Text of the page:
April 20, 2017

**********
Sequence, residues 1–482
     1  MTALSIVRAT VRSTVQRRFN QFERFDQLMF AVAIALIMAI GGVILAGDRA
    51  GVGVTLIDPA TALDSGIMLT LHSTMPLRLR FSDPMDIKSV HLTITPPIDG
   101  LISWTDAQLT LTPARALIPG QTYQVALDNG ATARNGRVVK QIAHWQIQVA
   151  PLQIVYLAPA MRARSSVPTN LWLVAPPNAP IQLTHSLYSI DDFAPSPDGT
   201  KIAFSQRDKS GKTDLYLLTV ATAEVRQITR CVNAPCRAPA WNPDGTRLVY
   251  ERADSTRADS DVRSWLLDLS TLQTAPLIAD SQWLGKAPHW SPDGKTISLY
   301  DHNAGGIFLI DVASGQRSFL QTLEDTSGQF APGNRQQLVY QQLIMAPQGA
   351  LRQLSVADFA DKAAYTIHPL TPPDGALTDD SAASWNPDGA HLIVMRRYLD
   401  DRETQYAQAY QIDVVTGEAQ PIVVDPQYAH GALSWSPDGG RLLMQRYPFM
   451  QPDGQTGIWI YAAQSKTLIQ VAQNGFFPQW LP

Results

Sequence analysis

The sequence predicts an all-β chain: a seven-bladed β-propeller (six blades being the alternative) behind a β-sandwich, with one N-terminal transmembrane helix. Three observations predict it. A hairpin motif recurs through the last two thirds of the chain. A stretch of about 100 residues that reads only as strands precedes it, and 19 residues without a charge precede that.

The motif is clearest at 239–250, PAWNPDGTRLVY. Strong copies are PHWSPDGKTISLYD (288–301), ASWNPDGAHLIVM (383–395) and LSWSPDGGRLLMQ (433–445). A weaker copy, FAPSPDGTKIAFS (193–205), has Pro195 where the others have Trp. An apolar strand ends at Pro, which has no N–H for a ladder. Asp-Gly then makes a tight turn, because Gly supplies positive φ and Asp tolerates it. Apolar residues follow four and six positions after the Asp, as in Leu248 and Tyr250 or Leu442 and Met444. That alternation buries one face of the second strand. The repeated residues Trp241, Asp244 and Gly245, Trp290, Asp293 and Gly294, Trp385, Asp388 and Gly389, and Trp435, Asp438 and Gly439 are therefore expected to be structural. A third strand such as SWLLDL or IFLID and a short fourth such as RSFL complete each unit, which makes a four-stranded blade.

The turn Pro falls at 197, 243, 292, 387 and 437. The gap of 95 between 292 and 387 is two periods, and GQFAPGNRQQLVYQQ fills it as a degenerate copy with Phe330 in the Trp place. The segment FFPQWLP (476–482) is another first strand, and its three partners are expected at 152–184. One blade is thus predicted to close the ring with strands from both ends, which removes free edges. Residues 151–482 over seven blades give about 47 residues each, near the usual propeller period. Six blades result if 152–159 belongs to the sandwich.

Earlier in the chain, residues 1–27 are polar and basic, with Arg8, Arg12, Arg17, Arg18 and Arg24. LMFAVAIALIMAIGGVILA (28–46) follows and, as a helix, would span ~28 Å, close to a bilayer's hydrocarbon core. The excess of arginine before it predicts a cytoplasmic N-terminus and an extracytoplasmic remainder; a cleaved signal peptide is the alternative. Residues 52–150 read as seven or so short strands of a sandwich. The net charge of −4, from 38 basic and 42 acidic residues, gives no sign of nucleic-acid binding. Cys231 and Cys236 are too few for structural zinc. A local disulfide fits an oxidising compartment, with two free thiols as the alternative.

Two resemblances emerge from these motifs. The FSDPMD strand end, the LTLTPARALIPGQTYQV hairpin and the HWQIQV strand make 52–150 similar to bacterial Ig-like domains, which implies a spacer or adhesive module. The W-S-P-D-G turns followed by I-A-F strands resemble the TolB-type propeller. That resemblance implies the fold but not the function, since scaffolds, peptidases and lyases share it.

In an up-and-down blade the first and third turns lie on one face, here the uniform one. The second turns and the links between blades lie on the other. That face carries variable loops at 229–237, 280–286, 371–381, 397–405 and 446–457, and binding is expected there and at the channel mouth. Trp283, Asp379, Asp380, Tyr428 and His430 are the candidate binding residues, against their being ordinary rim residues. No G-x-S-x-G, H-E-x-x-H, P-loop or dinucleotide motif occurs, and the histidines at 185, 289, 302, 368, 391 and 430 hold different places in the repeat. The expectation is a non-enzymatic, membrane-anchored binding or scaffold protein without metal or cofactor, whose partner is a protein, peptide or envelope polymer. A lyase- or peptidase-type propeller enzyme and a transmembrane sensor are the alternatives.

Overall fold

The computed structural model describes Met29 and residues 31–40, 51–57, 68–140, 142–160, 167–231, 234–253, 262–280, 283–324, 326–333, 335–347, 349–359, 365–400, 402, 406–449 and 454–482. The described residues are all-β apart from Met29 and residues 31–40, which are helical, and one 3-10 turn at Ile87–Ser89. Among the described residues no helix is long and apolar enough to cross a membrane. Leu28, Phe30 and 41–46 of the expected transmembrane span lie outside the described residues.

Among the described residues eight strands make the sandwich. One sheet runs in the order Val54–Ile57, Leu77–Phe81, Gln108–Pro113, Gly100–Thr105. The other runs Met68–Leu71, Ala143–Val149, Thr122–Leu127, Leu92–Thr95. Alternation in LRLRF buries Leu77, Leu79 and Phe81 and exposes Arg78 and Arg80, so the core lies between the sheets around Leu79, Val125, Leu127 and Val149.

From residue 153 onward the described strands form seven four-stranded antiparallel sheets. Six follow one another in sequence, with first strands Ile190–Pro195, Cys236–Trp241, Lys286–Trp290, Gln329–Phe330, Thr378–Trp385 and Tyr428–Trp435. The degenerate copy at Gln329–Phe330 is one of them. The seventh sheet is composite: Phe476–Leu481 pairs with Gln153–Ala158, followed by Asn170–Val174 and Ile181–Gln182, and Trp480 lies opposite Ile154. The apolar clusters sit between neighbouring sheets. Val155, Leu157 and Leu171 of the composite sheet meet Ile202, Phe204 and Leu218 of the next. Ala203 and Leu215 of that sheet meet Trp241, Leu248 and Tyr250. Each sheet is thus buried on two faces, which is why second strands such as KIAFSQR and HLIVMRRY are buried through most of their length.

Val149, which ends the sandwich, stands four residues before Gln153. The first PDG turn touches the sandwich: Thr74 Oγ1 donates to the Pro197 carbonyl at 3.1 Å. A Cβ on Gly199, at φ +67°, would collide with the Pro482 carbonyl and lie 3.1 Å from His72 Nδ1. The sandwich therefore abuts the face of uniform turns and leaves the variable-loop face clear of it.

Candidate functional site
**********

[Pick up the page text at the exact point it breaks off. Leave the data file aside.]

If the impact of climate change on mosquitoes and the diseases they carry were predictable, anticipating what comes next might be simple. It is not. The perturbations that cause a moist early spring like the one Dallas had in 2012, favoring mosquito reproduction, can equally cause devastating floods — like the wall of water that swept through central Texas in May 2015 and killed 11 people — that will scour mosquito eggs from wherever they have been laid. Warming temperatures that allow mosquitoes to move north into new territory may also make their current territory inhospitable. In 2012, researchers at Texas Tech University estimated that in Chicago, rising temperatures would expand the length of the season for the mosquito that carries dengue — but in Atlanta and Lubbock, Texas Tech's home turf, summers would become so hot and dry that the risk of transmission would shift to spring and fall, when residents would not be on guard. The unpredictability will increase the challenge of preparing for diseases whose incidence will also increase.